After work today I went with a friend to her home. She’s lived there for as long as I’ve known her – over ten years now. She is an extremely talented intelligent and attractive human being. She has a lot of love to give, and also the inherited fear of being alone that plagues many of my friends and forces them into toxic relationships. I have been her friend for long enough to know that even if I respect her judgement in every other matter, she’s magnetically drawn to men who will hurt her. I often see this tendency in my friends. Perhaps it’s why I don’t often engage with the game of it myself despite sometimes missing that level of companionship. I see too many people pouring themselves into cracked pots. I neither want to be a cracked pot, nor to fruitlessly seek to fix someone else’s.
Brian said something recently about one of my mates: “That one isn’t just Al-weird. That one’s weird weird.” Brian understands that there’s a basic level of odd running through the people in my life and was warning me that there might have been more to one particular friend (not the one from tonight). I think he was right in that instance, even if I still don’t like that he felt that. I tend to just accept whoever you are, and deal with you now one on one. It can get me into trouble sometimes, and I am learning the hard way not to be too trusting, but many of my most satisfactory friendships are with people who are – objectively – unusual, and who have been extremely hard work at times.
This particular friend from tonight has the supernatural power of excluding all positive things she hears about herself no matter what the source, and focusing, magnifying and dwelling on the negative things. It has made for a hard friendship sometimes, and a circular one at others. But we usually have fun together. My job as a friend is not to fix her and it’s only if I try that it gets frustrating. My job is to talk about fun things, and derail the circular negatives as best I can with my usual brand of naive immediacy.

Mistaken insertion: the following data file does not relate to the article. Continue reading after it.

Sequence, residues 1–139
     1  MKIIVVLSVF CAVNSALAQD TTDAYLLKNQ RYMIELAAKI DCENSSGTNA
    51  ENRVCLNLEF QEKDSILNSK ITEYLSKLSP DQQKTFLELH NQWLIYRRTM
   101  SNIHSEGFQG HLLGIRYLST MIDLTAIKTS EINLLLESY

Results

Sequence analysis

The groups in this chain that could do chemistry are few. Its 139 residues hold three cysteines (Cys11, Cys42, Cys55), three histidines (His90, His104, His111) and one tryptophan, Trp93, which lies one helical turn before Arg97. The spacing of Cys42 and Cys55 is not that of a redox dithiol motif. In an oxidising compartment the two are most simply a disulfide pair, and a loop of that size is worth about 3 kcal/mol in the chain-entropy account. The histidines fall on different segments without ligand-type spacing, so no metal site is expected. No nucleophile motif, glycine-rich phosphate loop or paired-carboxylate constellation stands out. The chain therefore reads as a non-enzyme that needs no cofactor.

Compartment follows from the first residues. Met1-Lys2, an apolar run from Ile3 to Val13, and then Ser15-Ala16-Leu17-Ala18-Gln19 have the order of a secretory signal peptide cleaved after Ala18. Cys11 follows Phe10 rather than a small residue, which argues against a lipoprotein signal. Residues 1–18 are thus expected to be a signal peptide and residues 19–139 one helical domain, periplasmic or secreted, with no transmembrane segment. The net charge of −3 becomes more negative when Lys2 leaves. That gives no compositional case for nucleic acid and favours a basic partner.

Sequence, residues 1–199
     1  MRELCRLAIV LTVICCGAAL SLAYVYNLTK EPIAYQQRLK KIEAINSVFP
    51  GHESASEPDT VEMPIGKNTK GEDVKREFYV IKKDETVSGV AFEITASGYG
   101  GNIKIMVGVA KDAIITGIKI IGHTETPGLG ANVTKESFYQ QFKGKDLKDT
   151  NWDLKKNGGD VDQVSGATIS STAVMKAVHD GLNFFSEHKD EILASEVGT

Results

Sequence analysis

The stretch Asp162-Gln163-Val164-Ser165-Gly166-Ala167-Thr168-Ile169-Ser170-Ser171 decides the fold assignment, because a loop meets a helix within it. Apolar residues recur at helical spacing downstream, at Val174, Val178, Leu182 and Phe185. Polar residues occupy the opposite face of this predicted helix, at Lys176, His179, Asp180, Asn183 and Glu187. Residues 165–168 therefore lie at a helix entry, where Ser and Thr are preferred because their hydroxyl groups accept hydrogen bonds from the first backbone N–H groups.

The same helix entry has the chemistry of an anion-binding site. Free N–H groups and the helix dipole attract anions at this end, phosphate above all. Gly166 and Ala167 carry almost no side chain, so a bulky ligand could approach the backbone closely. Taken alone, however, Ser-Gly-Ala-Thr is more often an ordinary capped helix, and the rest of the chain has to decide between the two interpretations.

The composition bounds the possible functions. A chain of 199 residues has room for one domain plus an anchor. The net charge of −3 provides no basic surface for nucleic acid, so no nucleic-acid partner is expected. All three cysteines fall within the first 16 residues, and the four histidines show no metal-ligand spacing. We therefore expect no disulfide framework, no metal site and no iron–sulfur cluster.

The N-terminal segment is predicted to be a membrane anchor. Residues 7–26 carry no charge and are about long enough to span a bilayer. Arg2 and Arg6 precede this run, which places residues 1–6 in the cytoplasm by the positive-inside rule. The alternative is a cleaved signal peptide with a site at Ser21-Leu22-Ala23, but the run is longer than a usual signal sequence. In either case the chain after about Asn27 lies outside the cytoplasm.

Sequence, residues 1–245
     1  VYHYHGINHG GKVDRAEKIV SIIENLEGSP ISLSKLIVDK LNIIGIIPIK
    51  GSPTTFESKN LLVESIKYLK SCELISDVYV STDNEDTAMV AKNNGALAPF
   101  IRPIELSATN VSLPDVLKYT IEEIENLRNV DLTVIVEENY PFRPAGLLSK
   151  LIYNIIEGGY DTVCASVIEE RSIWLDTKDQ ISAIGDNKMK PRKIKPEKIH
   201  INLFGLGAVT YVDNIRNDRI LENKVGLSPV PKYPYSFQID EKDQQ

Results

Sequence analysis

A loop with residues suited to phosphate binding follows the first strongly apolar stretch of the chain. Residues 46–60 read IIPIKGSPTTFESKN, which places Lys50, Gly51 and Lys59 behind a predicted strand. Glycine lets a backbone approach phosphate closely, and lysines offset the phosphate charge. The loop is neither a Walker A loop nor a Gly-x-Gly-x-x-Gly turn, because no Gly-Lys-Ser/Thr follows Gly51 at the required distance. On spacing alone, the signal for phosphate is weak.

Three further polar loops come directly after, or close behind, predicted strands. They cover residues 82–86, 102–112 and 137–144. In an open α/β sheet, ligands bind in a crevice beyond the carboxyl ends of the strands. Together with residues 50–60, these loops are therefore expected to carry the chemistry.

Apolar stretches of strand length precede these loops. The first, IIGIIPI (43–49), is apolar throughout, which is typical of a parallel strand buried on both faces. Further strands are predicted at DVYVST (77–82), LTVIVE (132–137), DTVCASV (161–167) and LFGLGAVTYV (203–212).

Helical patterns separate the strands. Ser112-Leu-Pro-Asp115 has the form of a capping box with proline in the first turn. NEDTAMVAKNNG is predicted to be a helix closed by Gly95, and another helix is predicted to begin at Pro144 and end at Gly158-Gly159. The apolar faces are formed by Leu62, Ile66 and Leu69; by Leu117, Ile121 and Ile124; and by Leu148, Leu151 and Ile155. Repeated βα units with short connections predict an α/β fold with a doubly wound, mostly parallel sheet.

I went with her to her home because she has just got back from three months away and was worried that the asshat she still loves and who has done nothing but bully and attack her for literally years might have destroyed all her possessions out of spite while she’s been away. I’d been advising her to kick him out before she left but she couldn’t bring herself to. Too damn kind. I get that. Hearing her expectations I was going to walk into a flat with “Lying old crone” daubed on the wall in faeces, dead animals and shredded letters all over the floor, and all the pillows burned. “Nobody would be so petty” I said, but he’s pretty damn petty this guy to be frank. He’s a nasty entitled little bully. It wasn’t as bad as she thought thankfully, but she was still deeply upset at the shared things he took. Their snake was still there, though, alive and well, and she picked it up with relief and care. “It’s crazy that you can give so much love to a snake,” I said, but she didn’t get the inference. Or she chose to ignore it.
A Cherokee Legend
A little boy was walking down a path and he came across a rattlesnake. The rattlesnake was getting old. He asked, “Please little boy, can you take me to the top of the mountain? I hope to see the sunset one last time before I die.” The little boy answered “No Mr. Rattlesnake. If I pick you up, you’ll bite me and I’ll die.” The rattlesnake said, “No, I promise. I won’t bite you. Just please take me up to the mountain.” The little boy thought about it and finally picked up that rattlesnake and took it close to his chest and carried it up to the top of the mountain.
They sat there and watched the sunset together. It was so beautiful. Then after sunset the rattlesnake turned to the little boy and asked, “Can I go home now? I am tired, and I am old.” The little boy picked up the rattlesnake and again took it to his chest and held it tightly and safely. He came all the way down the mountain holding the snake carefully and took it to his home to give him some food and a place to sleep. The next day the rattlesnake turned to the boy and asked, “Please little boy, will you take me back to my home now? It is time for me to leave this world, and I would like to be at my home now.”
The little boy felt safe now, and carefully picked up the snake, took it close to his chest, and carried him back to the woods, to his home to die. Just before he laid the rattlesnake down, the rattlesnake turned and bit him in the chest. The little boy cried out and threw the snake upon the ground. “Mr. Snake, why did you do that? Now I will surely die!” The rattlesnake looked up at him: “You knew what I was when you picked me up.”